Nick, Danny, and Melissa also did an interview for Duraspace.
The upgration portion of the project is dependant on a couple of sub-items of the project to play out, but continues in tandem.
The first sub-item is the Fedora Audit Service. The Islandora community make use of the audit service in Fedora 3.x for PREMIS and other provance services. It currently does not exist in Fedora 4.x, so the community has come together to plan our the service over two conference calls that will outline use cases and functional requirements, which will then translate to JIRA tickets for a Fedora code sprint in late March. Notes from the first meeting are here. Nick has been tasked with identifying if the community should use the PROV-O ontology, the PREMIS ontology, or a combination of both. The second item is bridging the work of Mike Durbin’s migration-utils and Danny’s Apache Camel work in the Islandora & Fedora 4 project. While Nick was working to create test fixtures for Mike and Danny, he discovered a bug in Fedora 3.8.0, which will need to be resolved before any test fixtures can come out of York University's upgration pilot.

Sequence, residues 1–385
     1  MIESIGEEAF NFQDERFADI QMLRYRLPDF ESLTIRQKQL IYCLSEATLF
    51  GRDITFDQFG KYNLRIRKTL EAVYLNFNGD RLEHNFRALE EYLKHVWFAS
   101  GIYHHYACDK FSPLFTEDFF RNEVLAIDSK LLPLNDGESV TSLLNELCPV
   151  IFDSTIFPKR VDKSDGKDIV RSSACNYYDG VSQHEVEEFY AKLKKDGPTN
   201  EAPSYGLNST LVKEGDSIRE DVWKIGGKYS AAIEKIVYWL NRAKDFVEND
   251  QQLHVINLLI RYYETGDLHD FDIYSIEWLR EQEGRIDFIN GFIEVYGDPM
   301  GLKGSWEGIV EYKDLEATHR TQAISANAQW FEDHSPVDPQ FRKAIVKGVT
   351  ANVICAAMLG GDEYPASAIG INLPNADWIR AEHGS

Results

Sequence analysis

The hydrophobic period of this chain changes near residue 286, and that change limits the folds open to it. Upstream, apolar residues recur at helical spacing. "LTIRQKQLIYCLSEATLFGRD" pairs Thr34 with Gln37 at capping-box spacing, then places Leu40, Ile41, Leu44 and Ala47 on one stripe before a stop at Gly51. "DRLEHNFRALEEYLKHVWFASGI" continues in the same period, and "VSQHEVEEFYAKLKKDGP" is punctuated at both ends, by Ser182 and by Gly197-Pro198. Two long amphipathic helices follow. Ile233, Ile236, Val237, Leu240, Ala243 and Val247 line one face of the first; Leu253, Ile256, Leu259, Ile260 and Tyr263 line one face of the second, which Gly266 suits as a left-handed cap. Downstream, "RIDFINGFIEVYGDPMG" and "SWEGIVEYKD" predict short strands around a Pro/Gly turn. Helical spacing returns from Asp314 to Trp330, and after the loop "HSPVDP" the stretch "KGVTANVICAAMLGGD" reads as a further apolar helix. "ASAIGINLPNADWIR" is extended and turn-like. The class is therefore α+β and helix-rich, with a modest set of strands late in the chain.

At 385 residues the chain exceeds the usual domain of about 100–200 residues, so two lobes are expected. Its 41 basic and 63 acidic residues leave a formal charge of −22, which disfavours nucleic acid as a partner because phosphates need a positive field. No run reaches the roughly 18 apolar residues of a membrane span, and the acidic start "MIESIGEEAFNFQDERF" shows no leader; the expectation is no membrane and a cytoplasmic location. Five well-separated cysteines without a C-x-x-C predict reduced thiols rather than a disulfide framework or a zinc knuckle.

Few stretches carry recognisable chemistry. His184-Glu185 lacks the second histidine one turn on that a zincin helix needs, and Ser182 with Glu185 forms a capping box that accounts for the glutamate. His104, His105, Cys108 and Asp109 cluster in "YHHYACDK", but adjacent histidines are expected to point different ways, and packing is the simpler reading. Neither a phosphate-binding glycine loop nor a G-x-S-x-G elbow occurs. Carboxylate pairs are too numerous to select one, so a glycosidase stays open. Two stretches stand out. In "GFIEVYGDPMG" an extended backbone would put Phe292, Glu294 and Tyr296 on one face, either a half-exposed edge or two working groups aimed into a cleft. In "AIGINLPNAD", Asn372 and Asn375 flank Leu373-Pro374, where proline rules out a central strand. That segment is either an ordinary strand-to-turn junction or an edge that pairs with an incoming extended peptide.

Nick and Danny will most likely focus on migration work and community contributed developer tasks in March.
The Islandora Foundation is pleased to welcome Simon Fraser University as a Partner for their support of the Fedora 4 project. Longtime member PALS has also earmarked some of their membership dues to help out the upgration. If you or your instition are interested in being financial supporters, please drop me a line.
Contributor Kevin Bowrin wrote up an account of exprience installing and trying out the work our team has done so far. Check it out.